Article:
Thursday, July 5, 2018
"Taken as a whole, Kennedy’s immigration jurisprudence demonstrates that his bold strides towards protecting the liberty and dignity of personhood were limited to some vulnerable minorities, but did not extend to persons covered by immigration laws and policies. His final concurrence in Hawaii, warning that this current president may have exercised discretion in a manner that violated the First Amendment but declining to check that discretion, seems to flow from Kennedy’s earlier immigration decisions. Yet, that result was not inevitable given his habeas and gay-rights jurisprudence. In the end, he was a reliable fifth vote for the conservative majority, fashioning an immigration jurisprudence that vindicated the government’s position against the claims of noncitizens."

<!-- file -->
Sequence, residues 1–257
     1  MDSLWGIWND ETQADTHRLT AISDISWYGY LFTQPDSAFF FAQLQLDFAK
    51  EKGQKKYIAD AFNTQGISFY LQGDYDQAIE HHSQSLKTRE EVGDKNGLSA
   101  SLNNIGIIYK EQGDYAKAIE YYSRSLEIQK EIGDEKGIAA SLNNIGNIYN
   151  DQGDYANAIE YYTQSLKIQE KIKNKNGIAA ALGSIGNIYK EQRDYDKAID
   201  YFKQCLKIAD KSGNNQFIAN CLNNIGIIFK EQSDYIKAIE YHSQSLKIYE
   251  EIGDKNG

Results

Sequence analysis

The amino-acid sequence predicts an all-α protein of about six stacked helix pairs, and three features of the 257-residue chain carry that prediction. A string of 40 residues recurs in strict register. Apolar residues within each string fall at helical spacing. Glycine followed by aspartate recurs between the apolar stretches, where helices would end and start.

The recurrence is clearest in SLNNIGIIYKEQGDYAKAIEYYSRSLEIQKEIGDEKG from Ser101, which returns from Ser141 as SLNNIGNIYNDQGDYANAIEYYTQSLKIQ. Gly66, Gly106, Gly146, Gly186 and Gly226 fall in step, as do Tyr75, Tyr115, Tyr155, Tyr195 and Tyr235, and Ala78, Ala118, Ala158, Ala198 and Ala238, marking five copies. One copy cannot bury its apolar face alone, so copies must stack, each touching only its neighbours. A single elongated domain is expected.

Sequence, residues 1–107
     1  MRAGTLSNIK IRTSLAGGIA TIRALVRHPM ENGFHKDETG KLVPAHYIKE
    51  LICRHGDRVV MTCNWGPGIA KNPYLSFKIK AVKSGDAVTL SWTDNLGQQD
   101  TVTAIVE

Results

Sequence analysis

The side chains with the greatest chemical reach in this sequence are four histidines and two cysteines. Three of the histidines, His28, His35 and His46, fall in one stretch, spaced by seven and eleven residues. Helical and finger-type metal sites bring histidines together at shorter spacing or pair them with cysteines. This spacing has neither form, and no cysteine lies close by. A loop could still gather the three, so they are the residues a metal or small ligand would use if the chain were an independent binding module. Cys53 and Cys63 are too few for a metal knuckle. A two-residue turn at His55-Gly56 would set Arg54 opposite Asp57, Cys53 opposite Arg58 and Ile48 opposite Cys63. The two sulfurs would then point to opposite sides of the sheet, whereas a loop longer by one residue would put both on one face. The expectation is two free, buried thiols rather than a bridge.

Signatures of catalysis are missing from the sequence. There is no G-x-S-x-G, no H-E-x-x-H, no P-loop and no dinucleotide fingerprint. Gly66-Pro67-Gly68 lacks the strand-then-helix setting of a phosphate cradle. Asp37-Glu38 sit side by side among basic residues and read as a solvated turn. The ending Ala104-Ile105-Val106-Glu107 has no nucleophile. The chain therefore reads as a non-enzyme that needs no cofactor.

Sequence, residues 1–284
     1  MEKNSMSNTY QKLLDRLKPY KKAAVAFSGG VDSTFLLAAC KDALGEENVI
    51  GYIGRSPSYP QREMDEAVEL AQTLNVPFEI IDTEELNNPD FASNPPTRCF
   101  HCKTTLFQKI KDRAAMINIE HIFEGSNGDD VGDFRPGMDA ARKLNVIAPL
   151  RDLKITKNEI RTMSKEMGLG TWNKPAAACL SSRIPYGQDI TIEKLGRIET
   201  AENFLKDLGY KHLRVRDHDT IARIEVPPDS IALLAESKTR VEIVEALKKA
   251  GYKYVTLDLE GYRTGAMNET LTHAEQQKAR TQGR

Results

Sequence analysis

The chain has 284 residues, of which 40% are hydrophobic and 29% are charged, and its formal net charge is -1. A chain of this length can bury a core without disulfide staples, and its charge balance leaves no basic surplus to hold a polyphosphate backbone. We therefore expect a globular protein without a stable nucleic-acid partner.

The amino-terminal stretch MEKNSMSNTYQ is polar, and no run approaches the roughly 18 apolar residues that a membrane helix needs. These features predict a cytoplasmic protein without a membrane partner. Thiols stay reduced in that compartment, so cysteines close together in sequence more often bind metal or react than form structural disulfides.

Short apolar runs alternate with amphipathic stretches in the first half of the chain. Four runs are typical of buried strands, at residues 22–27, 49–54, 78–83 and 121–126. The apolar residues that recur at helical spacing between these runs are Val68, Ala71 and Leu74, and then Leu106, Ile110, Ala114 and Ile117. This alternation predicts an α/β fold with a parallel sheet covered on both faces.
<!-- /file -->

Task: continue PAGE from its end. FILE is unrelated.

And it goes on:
I was struck by how few immigration opinions were written by Justice Kennedy. He came from the Ninth Circuit where immigration has been a pressing issue for decades and where Ninth Circuit Judges, such as Stephen Reinhardt, were writing important asylum cases shortly after the passage of the Refugee Act of 1980. Immigration apparently was not a big issue to Kennedy. Justice Kennedy probably wrote more significant gay marriage/rights decisions than immigration decisions on the Court.